Lesley Whyte said...

Not yet. It was only released today in the UK, but hopefully I'll be going this week!

Ava Jae said...

That's interesting--usually the UK gets movies before the US (or at least, it often seems that way). Enjoy the movie! :)

Robin Red said...

Yeah, it depends on the level of adaption. When a plot change alters the entire story, or if it's part of a series, makes it impossible to retain its continuity, then I hate it -__- I liked that Harry's gift from Sirius in Prisoner of Askaban was given to him at the end of the film, unlike the book. It made it more special, and it gave the audience a hopeful, optimistic view of Sirius's destiny... which was utterly shattered in book 5. I don't like that in the Goblet of Fire, the Dursleys were completely cut. I know they probably had time costs, but the Dursleys are the contrast with the Wizarding World that emphasizes how fortunate Harry is to escape them every other summer. Sometimes it works, and sometimes it doesn't. I finished reading Beautiful Creatures last week, and I was disappointed to find that my favorite character, the quote-ready and ever witty Dr. Marion Ashcroft, has been cut from the movie. I especially didn't like the cut in Deathly Hallows Part 1 when Dudley redeems himself and shakes Harry's hand. But I did like Fleur-Harry. "Don't look at me Bill. I am hee-dee-us!" That made my day. I don't like that Aunt Petunia didn't blurt out a definition in Order of the Phoenix in the film, so when her relationship with Lily and Severus is shown briefly in Deathly Hallows Part 2, it makes no sense. The audience (who didn't read the book) has no clue how Petunia was a part of this stuff, but was clueless before. So sometimes it works, sometimes it doesn't. But I'm just nitpicky.

Robin Red said...

Sorry for the long post, Ava. I got out of control this time.

Ava Jae said...

I definitely see an element of nitpickiness there, but you're entitled to be nitpicky if you'd like to. :)

In the end it definitely varies from movie to movie--some are done better than others and some are so terrible you'd rather forget you wasted your time watching them. It all depends.

Ava Jae said...

No worries, Robin!

Darth Lolita said...

I really love film and I really like adaptations as long as they don't destroy the spirit of the movie. I HATE it when the movie adaptions are the exact same thing as the book. I realize that's an unpopular opinion, but what I feel like you gain absolutely nothing from going page by page into a movie adaptation.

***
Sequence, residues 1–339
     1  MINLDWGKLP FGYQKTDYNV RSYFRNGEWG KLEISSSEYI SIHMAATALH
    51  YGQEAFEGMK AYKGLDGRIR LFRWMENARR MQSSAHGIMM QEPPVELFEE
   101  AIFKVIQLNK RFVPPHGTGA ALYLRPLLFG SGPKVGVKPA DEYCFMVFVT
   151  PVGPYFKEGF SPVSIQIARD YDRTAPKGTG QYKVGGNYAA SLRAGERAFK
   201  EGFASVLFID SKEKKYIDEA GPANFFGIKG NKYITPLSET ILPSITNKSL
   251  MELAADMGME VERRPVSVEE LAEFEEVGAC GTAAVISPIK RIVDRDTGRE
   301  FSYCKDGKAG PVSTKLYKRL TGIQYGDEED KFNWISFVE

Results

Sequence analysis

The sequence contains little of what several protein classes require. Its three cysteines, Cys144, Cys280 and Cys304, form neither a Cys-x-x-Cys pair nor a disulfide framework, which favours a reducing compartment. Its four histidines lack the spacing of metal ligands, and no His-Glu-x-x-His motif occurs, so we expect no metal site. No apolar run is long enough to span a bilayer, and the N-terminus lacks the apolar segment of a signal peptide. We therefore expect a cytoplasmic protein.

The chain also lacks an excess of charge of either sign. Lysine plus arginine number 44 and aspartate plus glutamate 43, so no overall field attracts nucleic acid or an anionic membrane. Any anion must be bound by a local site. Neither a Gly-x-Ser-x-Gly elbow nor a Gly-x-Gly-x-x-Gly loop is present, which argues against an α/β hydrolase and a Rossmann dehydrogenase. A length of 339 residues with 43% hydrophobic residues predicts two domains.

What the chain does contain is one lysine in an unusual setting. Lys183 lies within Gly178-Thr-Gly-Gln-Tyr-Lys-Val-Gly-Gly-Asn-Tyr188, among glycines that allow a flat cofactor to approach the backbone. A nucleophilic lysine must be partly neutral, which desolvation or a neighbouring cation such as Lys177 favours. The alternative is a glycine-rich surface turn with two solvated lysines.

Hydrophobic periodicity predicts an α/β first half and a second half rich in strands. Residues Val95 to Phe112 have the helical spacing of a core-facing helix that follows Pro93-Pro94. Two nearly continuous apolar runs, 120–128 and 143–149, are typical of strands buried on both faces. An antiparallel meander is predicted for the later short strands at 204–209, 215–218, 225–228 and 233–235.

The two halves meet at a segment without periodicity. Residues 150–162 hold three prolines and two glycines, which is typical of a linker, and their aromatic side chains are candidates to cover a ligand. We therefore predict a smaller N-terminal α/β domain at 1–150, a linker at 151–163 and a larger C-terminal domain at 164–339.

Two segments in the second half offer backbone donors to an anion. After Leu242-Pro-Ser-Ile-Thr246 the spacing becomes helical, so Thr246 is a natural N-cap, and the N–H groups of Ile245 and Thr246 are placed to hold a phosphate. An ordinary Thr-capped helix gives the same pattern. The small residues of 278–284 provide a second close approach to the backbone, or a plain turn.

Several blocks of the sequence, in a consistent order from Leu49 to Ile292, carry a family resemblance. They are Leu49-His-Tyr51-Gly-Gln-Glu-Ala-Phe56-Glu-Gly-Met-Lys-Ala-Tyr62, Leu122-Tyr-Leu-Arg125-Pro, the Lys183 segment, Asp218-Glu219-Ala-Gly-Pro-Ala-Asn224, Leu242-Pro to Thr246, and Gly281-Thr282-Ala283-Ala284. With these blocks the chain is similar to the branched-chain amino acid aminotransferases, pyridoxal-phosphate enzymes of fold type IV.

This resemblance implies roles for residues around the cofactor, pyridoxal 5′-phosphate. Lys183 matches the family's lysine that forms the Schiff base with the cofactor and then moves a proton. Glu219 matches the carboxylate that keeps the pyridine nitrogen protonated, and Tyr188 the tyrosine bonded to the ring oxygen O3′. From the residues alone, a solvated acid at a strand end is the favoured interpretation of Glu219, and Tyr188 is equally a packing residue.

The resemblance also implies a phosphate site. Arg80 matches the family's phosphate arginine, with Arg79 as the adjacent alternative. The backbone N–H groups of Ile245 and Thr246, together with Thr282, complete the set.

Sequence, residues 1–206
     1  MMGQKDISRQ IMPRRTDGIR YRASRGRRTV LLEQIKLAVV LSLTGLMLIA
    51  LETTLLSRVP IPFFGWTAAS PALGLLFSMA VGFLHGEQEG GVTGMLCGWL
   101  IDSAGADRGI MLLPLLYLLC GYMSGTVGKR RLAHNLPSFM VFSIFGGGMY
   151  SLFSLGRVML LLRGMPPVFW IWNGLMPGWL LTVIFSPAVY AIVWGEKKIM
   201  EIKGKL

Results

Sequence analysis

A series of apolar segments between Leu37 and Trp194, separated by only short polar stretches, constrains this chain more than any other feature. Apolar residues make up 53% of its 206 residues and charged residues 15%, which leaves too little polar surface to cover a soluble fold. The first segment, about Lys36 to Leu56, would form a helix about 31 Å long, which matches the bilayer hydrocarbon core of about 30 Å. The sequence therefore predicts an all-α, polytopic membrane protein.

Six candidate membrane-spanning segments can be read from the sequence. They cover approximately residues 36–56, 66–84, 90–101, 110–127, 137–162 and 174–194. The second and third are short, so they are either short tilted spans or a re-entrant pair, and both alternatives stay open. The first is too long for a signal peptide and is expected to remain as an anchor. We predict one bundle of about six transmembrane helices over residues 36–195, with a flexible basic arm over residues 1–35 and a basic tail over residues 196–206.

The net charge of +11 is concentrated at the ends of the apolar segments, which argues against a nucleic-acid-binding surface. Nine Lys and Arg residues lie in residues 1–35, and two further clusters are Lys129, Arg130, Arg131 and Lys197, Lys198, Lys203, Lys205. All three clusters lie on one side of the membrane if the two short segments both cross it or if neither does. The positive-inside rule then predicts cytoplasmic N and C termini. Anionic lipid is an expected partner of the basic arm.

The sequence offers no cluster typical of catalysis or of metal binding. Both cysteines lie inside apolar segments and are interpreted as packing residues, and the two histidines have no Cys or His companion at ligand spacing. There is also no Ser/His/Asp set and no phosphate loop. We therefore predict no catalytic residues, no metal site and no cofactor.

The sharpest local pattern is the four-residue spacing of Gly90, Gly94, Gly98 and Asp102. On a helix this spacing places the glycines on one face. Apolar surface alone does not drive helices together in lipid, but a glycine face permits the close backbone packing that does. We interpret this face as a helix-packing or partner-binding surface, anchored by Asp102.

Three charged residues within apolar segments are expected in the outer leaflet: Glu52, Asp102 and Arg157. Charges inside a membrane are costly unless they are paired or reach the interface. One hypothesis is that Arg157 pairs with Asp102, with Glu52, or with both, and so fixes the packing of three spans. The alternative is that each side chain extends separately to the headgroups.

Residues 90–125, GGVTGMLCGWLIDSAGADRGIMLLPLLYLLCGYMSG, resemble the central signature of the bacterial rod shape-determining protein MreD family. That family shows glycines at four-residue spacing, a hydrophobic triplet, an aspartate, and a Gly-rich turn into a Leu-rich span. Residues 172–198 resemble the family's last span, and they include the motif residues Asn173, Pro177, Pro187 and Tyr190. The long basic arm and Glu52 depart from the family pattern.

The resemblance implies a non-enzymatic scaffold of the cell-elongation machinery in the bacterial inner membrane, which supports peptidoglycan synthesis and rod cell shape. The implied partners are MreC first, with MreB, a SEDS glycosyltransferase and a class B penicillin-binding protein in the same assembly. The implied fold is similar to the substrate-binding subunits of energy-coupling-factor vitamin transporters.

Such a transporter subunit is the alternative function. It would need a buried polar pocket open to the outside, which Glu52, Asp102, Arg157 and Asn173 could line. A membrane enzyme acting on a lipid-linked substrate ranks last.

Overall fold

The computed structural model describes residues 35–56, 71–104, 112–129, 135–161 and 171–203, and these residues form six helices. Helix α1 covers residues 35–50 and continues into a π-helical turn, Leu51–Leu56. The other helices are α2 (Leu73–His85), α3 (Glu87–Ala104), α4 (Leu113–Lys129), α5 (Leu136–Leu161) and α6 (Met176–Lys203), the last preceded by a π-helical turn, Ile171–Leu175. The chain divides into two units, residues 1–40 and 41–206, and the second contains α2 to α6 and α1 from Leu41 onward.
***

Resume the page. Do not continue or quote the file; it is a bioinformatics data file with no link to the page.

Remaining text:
Plus, the language of film is very different from the novel. You just can't translate the same level of information or the pacing or a whole bunch of other things to films.

So what I mean for spirit, is that it understands what the movie was trying to say. It keeps the characters intact and the overall message there.

Darth Lolita said...

*book was trying to say


Lol sorry. I'm like typing this while my friend's rushing me so we can go see Warm Bodies. (It's all connected!!!)

Jason Burns said...

Sometimes it comes down to what makes the cut in the film's script or final edit. Therefore everything included in the movie adaptation has to count. Yes movies can sometimes run over 2 hours (or 3 hours if your name is Peter Jackson), but that's nothing compared to the amount of elbow room an author has when constructing their story. Movies are also very expensive to make, and when an author writes a major scene in their story about a war between robot pirates and jedi ninjas in space, that's another 20 million dollar check the producer of the movie has to write. Budget issues aside, film has many tools to convey emotion, details, and plot points differently than a book can. One REALLY good (and recent) adaptation was The Hunger Games movie. One goal that director Gary Ross had in making the Hunger Games movie was to convey the brutal nature of the games by having some of the contestant die on screen. The book also makes this point, but the movie has you hating the idea of these brutal games as soon as the countdown ends. Children are slaughtered before your eyes in a